The new movie 'Lincoln' explores the last months of Abraham Lincoln's life and sheds light on prominent figures of the time. One lesser-known person is former slave Elizabeth Keckley. She became a close confidante to Mary Todd Lincoln. Host Michel Martin speaks with professor Clarence Lusane about Keckley's contributions to American history.
Some public schools across the U.S. are setting different standards for students based on their race. The goal is to cut the achievement gap in half. Host Michel Martin speaks with Emily Richmond, of the Education Writers Association, about criticisms to this approach.
I'm Michel Martin and this is TELL ME MORE from NPR News. They say it takes a village to raise a child, but maybe you just need a few moms in your corner and generally at this time, we check in with a group of parents who share their experiences and common sense advice.
I'm Michel Martin and this is TELL ME MORE from NPR News. Later in the program we are going to head to Central Africa to find out what's happening in the Democratic Republic of Congo, where an armed rebel group managed to take over one of the country's most important cities, despite the presence of a massive United Nations peacekeeping force. We'll talk about how that happened and why it matters with a reporter who is there on the ground. That's coming up later in the program.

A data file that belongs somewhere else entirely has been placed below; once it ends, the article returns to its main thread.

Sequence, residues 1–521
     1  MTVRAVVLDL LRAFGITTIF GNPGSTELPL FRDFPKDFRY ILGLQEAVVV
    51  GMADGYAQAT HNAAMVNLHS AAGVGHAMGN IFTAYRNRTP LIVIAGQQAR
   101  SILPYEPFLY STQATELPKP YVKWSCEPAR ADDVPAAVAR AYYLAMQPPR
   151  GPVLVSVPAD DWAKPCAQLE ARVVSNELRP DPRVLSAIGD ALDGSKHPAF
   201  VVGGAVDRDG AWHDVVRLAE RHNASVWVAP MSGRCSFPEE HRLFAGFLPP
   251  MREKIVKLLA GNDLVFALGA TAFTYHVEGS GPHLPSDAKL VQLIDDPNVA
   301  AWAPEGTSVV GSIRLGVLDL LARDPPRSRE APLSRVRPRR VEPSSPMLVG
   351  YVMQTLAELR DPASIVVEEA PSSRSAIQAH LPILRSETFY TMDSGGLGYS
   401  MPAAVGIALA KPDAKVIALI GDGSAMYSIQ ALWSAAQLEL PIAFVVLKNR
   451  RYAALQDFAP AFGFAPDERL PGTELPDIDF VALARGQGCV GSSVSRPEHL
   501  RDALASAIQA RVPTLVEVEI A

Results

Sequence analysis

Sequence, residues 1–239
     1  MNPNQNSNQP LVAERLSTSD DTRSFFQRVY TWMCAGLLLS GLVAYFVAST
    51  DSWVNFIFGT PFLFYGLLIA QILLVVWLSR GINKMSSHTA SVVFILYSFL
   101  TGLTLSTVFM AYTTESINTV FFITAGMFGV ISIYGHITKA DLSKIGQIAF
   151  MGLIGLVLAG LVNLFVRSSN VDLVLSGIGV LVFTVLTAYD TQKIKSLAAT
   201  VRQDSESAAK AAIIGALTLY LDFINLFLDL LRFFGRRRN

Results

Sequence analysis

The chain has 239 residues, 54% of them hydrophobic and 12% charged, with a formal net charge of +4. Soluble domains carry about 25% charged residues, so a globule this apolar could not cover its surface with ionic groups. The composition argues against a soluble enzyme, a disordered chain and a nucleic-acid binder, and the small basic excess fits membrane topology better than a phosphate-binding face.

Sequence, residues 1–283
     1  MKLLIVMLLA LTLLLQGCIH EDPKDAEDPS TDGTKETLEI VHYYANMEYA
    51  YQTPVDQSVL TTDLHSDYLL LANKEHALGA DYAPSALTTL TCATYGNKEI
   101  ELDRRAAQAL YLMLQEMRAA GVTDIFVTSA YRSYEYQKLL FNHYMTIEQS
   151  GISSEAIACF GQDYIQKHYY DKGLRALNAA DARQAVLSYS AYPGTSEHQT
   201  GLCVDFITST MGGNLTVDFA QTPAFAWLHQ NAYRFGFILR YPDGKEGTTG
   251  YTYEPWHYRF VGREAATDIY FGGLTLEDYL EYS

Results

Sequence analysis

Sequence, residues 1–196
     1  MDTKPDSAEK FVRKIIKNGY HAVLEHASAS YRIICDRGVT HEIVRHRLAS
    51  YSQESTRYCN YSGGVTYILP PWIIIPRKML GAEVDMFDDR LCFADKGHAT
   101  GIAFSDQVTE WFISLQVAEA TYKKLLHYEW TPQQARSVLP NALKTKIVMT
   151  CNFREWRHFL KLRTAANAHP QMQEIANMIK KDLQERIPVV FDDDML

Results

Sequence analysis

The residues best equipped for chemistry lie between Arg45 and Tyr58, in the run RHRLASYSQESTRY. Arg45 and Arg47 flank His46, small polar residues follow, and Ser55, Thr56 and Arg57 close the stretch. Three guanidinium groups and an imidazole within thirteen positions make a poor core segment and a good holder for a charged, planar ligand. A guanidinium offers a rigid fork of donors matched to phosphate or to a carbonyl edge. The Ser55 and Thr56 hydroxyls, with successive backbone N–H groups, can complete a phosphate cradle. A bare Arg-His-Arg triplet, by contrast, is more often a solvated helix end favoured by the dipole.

And now to matters of personal finance. We all remember the financial crisis the country faced four years ago. The numbers suggest that the economy is improving slowly but surely. Interest rates are at near record lows, but our next guest says - and this is something you might have experienced yourself - a lot of people are still having a difficult time getting access to credit, especially small-business owners and home owners with less than perfect credit.